My doctor is puzzled to

        Thanks so very much,

        • Patrick

          First thing that comes to my mind is…are you getting enough sodium? I’ve found that if my carb intake is very low I need to make sure I get enough salt or I’ll feel the effects of low blood volume…weakness, headache, heart rhythm disturbances, shortness of breath, anxiety, etc. Hope this helps.

          • Kitty

            Good day Patrick,

            I would say that I eat enough salt as I like salt with a raw vegan diet. So that will not be the problem. I had my electrolytes checked and they were fine to: potassium etc. My proteins were just at the border line of enough, so I may start with adding some more protein as this has seem to help Dr. Ede
            My only real problem is heart rhythm disturbances and shortness of breath after meals due to high fat meals I suppose but

            I always had plenty of energy after the initial weeks

            I will add 8 glasses of water a day which I have neglected and some more protein. Hope it helps as I am really battling if I no longer can do Keto as I feel terrible again, put on weight and have Low blood sugar…Keto was best for me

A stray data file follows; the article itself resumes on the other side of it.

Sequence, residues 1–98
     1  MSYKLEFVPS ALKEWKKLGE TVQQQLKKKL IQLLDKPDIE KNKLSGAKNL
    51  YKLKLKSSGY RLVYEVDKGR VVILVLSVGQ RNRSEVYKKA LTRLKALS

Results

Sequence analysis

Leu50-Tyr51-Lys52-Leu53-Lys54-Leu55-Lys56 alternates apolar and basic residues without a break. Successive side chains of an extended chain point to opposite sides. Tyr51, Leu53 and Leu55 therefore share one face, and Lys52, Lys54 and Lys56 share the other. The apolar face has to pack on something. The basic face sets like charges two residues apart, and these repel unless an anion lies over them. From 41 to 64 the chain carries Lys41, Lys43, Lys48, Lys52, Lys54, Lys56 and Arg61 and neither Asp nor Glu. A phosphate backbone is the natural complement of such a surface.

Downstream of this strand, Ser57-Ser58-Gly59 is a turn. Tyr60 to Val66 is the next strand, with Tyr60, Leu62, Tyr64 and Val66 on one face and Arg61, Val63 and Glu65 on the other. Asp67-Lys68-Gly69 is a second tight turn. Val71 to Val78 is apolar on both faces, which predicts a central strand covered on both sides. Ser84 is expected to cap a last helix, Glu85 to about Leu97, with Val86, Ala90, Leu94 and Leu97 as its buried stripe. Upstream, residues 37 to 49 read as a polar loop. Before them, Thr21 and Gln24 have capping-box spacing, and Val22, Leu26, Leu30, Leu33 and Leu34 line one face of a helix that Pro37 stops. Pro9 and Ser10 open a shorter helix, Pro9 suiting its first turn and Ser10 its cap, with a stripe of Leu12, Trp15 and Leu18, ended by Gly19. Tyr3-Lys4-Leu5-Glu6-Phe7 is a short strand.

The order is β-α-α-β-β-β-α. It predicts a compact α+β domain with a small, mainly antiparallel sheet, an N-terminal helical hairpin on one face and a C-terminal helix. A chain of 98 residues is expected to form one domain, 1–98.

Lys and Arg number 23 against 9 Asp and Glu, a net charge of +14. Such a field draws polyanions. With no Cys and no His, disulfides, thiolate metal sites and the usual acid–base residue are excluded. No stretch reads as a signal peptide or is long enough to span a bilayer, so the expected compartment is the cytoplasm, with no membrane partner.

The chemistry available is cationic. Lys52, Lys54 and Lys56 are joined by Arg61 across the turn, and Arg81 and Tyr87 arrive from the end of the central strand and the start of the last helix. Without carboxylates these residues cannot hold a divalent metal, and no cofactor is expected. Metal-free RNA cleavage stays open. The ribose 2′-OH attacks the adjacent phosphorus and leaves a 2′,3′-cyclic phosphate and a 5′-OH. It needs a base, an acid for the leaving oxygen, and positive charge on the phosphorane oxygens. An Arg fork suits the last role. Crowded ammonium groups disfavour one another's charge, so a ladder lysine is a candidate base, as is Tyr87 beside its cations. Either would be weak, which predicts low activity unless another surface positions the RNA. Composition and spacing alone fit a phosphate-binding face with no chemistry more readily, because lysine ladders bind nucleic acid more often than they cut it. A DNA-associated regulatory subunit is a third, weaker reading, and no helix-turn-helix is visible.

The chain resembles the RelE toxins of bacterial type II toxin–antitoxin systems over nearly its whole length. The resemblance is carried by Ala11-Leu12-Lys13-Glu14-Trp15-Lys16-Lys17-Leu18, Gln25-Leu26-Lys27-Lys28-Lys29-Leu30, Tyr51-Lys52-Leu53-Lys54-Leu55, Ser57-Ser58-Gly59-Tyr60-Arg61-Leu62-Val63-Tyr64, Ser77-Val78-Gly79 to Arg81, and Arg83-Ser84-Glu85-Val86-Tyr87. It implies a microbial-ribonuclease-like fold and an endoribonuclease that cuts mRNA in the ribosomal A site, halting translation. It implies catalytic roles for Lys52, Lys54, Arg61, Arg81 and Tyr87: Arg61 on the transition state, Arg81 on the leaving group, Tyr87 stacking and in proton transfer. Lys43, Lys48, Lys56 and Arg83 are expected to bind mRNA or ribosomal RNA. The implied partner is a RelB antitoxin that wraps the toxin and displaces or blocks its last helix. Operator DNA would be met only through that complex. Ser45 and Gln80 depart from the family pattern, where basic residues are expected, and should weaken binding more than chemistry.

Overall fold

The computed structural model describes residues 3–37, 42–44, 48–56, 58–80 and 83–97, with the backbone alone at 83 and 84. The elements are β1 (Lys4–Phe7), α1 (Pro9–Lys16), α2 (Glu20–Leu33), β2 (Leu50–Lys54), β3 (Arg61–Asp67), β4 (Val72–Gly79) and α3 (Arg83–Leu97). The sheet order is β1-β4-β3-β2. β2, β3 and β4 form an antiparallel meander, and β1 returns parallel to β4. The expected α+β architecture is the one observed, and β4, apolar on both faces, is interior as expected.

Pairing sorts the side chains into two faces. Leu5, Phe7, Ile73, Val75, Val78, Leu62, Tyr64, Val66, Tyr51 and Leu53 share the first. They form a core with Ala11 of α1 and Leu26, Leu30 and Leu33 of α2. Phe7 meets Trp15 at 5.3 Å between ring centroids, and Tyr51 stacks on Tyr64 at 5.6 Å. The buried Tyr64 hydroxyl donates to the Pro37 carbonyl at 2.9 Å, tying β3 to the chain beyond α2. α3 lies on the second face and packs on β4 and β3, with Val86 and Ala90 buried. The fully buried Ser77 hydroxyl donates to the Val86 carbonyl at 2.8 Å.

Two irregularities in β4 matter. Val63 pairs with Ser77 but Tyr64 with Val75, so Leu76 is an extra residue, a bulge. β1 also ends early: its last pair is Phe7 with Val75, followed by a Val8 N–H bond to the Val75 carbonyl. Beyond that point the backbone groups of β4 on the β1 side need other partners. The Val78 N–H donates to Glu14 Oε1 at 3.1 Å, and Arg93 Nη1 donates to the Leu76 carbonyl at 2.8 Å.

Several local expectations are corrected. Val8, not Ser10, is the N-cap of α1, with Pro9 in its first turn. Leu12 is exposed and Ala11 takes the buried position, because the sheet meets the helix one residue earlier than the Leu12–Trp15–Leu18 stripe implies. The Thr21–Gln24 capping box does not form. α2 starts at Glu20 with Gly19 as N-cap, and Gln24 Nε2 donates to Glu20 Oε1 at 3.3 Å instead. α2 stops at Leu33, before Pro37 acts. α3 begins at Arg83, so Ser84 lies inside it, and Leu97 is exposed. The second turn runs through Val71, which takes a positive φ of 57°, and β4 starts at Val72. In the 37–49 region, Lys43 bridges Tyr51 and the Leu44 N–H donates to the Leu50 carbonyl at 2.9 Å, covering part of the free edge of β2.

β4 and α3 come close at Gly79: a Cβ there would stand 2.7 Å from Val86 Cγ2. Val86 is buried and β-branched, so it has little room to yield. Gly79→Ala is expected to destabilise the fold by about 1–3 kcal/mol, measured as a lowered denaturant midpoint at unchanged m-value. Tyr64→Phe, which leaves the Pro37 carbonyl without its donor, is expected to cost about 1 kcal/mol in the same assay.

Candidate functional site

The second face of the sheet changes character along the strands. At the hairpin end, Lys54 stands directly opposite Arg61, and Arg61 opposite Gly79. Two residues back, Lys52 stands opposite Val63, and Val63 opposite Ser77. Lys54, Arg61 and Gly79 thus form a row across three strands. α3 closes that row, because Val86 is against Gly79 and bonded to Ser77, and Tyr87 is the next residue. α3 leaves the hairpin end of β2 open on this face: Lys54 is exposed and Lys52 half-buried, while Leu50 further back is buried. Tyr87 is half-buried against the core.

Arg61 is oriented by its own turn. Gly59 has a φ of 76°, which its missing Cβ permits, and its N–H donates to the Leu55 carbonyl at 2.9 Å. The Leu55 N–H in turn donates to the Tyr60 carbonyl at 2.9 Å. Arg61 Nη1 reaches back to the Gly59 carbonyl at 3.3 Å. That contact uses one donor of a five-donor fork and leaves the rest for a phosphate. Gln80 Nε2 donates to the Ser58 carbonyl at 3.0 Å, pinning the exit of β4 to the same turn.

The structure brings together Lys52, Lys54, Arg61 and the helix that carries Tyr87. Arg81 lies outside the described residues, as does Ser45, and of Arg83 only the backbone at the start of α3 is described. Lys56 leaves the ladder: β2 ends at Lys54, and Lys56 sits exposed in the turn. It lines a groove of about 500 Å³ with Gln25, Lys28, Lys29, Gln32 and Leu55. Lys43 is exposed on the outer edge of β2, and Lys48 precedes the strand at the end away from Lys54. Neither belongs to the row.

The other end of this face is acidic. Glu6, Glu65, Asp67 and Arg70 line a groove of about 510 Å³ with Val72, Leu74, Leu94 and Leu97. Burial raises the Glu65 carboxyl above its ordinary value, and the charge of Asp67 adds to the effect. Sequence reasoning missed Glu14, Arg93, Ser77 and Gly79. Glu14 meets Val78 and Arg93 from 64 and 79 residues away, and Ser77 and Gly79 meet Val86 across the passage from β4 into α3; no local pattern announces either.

Dehydration may be the cause, here salt will help for sure

            Thanks for your ideas

        • Dr. Ede

          Hi Kitty
          I have cholesterol levels posted in the blog article entitled “Ketosis Week Zero” and will be posting more recent values soon. Real Woman Anne will also be posting soon with an update that will address her cholesterol levels, too.

    • Marissa

      I had something similar and found that when I started taking a Vitamin D supplement, this went away. Might you be Vit. D deficient?

  • Maria Armstrong-Doula

    I am with you in the love affair with ketosis! It’s been 17 months and I don’t think I will ever change this diet. The one time I went higher carb for two weeks (summer fruit induced LOL), I felt miserable and went right back to ketosis.